On April 30, 2019, the Criminal Division of the US Department of Justice introduced new guidance to help white-collar prosecutors evaluate corporate compliance programs, as required by the principles of federal prosecution delineated in the Justice Manual. The guidance, titled Evaluation of Corporate Compliance Programs, updates guidance published by the Criminal Division’s Fraud Section in February 2017 and is divided into three sections. Part I addresses risk assessment, policies and procedures, channels for reporting such as confidential “hotlines,” investigation processes, training, oversight of third parties, and mergers and acquisitions. Part II focuses on implementation. And Part III focuses on how to measure the efficacy and success of compliance programs. Together, the three parts provide a road map for answering the three fundamental questions that, according to the Justice Manual, a prosecutor should ask in evaluating a company’s compliance program:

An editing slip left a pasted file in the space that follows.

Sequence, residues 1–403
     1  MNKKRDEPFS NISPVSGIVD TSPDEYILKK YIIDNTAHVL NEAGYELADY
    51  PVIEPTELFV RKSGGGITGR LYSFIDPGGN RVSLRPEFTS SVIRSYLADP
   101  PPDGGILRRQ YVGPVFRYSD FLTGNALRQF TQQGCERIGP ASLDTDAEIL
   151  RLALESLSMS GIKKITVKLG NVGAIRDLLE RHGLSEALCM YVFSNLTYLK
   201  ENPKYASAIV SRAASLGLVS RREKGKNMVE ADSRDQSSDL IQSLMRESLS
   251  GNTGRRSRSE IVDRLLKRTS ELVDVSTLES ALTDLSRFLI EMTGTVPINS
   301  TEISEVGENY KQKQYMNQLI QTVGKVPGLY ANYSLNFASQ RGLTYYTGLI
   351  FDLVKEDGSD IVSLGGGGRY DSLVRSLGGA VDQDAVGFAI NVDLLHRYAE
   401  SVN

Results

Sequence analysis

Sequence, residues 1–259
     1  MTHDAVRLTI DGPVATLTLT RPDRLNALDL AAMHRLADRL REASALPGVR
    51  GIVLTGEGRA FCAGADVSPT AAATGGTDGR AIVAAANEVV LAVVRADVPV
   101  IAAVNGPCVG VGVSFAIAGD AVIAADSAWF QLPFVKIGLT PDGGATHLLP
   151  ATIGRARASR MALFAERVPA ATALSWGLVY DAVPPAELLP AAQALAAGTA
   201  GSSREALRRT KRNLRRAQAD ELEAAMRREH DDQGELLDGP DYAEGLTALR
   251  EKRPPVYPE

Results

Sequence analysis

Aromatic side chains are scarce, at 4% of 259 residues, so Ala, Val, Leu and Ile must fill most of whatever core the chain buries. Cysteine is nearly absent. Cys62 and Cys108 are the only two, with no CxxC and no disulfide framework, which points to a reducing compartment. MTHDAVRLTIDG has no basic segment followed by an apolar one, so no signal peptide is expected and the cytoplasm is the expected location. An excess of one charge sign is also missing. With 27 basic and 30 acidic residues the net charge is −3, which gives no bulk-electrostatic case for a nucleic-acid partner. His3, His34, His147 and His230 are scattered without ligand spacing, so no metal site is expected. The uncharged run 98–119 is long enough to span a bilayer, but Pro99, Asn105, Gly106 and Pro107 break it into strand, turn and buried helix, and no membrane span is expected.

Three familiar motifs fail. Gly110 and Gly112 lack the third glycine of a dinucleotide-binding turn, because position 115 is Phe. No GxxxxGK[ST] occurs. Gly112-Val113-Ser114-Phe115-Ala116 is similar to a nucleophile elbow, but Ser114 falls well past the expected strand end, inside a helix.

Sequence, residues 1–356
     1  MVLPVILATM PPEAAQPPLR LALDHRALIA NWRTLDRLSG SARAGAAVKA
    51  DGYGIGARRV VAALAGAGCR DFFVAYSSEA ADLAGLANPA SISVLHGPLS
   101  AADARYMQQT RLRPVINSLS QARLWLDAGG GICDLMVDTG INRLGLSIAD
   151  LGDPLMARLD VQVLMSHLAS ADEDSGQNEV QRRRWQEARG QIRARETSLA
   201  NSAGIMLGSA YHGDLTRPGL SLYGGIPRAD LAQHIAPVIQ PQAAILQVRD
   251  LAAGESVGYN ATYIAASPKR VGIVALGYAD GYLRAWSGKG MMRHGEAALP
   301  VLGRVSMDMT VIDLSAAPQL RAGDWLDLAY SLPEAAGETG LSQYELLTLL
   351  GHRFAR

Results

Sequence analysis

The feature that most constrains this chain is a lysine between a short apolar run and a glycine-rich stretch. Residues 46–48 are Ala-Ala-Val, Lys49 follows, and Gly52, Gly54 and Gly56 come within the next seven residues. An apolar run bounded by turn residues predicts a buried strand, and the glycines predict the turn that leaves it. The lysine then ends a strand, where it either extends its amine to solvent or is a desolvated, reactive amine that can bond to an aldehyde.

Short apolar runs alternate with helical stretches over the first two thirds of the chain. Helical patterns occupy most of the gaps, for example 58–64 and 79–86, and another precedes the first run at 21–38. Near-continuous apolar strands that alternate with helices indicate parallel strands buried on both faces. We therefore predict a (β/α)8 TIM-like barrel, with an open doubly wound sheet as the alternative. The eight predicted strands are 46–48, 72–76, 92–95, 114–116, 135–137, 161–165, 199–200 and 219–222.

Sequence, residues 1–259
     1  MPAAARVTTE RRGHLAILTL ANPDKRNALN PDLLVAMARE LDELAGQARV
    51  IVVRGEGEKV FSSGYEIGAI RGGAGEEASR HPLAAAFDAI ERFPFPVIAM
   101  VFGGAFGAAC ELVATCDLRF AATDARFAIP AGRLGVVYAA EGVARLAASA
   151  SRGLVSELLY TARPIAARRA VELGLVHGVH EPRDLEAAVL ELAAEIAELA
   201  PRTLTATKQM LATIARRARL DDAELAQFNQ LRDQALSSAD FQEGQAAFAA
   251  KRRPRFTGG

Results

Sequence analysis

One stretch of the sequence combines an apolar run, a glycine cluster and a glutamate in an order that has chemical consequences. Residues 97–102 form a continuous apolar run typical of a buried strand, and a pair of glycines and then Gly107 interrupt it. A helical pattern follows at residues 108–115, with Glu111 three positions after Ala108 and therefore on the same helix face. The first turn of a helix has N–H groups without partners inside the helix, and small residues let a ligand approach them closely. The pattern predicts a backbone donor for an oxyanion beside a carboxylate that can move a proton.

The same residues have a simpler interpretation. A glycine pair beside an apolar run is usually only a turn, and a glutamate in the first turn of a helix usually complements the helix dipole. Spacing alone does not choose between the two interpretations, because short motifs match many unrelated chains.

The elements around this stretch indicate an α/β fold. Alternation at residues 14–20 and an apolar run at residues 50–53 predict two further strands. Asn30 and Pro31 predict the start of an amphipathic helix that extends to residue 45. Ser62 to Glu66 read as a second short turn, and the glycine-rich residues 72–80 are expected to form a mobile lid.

- Is the corporation’s compliance program well designed?
- Is the program being applied earnestly and in good faith?
- Does the corporation’s compliance program work?
Recognizing that no compliance program can prevent all criminal conduct by a company’s employees, the new guidance makes clear that the existence of misconduct does not, in and of itself, mean that a compliance program was ineffective at the time of the offense.